Notes: The oil was contained onsite, recovered using vacuum trucks and reprocessed in the refinery's recovered oil system. Once the source of the release was identified, the block valve lineup to stormwater was immediately closed thus stopping the release. Containment boom and absorbent boom was placed at multiple locations to contain the oil that had reached the stormwater ditch. Microbe-enhanced bagasse placed after ground cleanup. To prevent recurrence: the operator accountable for the improper line-up has been coached; the Logistics Production Supervisor has reviewed this incident with the Production Team Leaders and is currently reviewing with each shift; the production supervisor has taken feedback from the shifts on how to improve verification of proper line-ups in the field; Motiva is executing a project to improve line-up visualization; and the Logistics Production Team Leads will ensure drainage junction box line-up status is accurately documented in the department end of shift reports. Most of the oil floated on the water surface in the storm ditch. Residual of oil staining remaining on the vegetation and ground surface was chopped/scraped until oil was no longer visible. Oil in contact with the ground was confined to the surface with no impact below a few inches. All oil-stained soils, PPE, and other contaminated materials were properly containerized for disposal.
|LPDES Outfall 002||Cause: Heavy rains began during the early morning hours on 5/28, continuing through 5/30. This rainfall led to heavy flooding throughout the site. On 5/28 at 0716, oil was reported in the storm water ditch and notification was made to regulatory agencies of a possible release of oil exceeding 1 barrel. Additional calculation determined that the release was below RQ.
At 1200, it was determined that the storm water with a "slight" oil sheen had migrated off site at two different locations: the St. James Canal and the Ascension Ditch. An overflow occurred, sending the contaminated water into the site stormwater ditch system. Oil containment and absorbent booms were deployed into the Ascension Ditch and the St. James Canal.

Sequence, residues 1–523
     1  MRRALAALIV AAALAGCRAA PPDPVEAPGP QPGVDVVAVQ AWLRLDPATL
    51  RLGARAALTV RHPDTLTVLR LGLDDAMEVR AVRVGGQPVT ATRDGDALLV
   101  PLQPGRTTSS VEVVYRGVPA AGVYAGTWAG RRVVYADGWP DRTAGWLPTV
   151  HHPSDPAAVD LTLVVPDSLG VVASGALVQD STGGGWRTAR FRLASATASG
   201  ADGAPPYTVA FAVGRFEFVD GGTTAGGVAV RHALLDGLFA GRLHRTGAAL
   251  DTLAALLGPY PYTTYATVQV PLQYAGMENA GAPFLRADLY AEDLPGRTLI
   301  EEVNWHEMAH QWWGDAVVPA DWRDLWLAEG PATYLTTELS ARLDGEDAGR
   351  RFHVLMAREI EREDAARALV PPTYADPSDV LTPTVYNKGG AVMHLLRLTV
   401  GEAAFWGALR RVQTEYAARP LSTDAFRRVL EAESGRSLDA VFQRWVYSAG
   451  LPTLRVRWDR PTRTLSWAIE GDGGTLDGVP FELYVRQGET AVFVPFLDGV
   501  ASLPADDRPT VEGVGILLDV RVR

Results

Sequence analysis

Flooding continued across the site and storage capacity was exceeded. At 1300 on 5/28, discharge of process wastewater into the Storm Water System began to prevent the discharge of untreated process wastewater into the Mississippi River. Motiva also began to discharge from the Storm Water System via LPDES Outfall 002 to alleviate onsite flooding.
On 5/30, another rainfall event affected the facility, resulting in additional flooding and the need for continuation of the emergency bypass operations. No offsite impacts.
That 5/30 event also affected the facility steam system, which resulted in an upset of the Tail Gas Treating Unit No. 3 (TGTU-3). It was initially believed that this event led to exceedences for SO2, but calcuations determined that the RQ had not been exceeded.|
Notes: Remedial actions were taken to contain and recover free oil onsite in order to minimize any potential for off-site impact. Motiva's primary Oil Spill Response Organization (ES&H) was immediately activated, along with additional support from United States Environmental Services (USES). The OSRO's worked around the clock deploying boom, recovering oil with vacuum trucks and discharging the oily water back into the refinery's slop oil system for reprocessing. "Extremely dilute" amounts of process water were discharged into the Ascension Ditch and St. James River.
Connect With Us: